Students at the Foundation School in Largo can’t always communicate their feelings with words, but a special workshop with a local artist allowed them to express themselves through a meticulous artistic process that is almost 200 years old.
The Foundation School, with campuses in Largo and Gaithersburg, is a nonprofit school for children with emotional disabilities. The Largo campus received a $2,000 grant from the Target Foundation to host wildlife artist Carmelo Ciancio for a special two-day session on scratchboard, a 19th century art form that involves scratching black film off a board to create an image.
Ellen Robinson, the art teacher at the school, said art often becomes a type of therapy for her students.
“The [students] have had some kind of crisis in their lives or they were born with some kind of crisis,” she said. “The art sort of calms them down.”
Ciancio, a former Laurel resident who now lives in Huntingtown, specializes in scratchboard and developed a color version of scratchboard that he uses to create wildlife portraits.
“It was amazing how well [the students] were all able to not only grasp the concept, but get something done within that allotted time,” Ciancio said.
Ciancio said the students responded positively to the art medium and created images of themselves or wildlife.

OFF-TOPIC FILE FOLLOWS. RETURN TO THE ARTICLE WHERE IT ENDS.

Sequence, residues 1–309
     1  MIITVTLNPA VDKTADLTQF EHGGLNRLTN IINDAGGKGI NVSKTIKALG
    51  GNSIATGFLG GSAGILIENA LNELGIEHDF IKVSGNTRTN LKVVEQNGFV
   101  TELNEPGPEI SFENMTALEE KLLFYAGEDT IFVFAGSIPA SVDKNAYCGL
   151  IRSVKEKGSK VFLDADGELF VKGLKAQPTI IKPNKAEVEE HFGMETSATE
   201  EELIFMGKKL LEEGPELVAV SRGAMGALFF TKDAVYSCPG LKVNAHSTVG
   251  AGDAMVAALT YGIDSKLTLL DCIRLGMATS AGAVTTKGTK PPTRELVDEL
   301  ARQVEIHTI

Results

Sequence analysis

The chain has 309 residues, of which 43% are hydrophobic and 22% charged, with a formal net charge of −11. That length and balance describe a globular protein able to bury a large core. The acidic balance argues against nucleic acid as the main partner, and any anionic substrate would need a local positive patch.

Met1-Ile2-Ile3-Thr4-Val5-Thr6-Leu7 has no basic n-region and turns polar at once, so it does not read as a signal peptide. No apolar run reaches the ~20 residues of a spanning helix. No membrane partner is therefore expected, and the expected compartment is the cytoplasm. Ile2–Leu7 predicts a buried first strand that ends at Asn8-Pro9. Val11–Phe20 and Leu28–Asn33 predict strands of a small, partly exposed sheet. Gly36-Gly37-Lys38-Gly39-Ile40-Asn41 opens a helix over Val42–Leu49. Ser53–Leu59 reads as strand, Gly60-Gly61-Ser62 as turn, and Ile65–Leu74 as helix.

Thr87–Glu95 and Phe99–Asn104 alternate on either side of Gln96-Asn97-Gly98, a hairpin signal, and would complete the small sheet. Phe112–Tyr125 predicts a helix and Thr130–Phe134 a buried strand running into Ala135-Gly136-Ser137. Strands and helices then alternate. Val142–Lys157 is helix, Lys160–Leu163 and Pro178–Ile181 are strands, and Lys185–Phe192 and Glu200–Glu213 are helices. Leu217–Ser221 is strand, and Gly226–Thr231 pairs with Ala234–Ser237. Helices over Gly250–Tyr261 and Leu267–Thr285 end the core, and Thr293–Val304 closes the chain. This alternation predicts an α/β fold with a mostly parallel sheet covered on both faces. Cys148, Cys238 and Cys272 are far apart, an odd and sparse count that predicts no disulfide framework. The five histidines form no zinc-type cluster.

“Although there were [behavioral] flare-ups, the [students] kind of lost themselves into what they were doing with the artwork,” he said. “I think they subconsciously realized that, for an hour or two, they could kind of forget what’s going on and what they have to do. It’s almost like a sense of self-hypnosis, you get so lost in the process that time kind of warps.”
Some of the student scratchboard pieces were auctioned March 27 at a fundraiser for the Foundation Schools in College Park, and together with other student art pieces raised more than $4,000, said Kelli Kunert, communications director for Foundation Schools.
John Meeks, founder of the Foundation Schools, said he planned to buy some student artwork, but that he was running out of space to hang the pieces.
“I’ve got a wall full of [student artwork],” he said. “Every year, the artwork gets better. The students who have been blocked in other ways can [speak through] graphics, and it is just a wonderful route of communication.”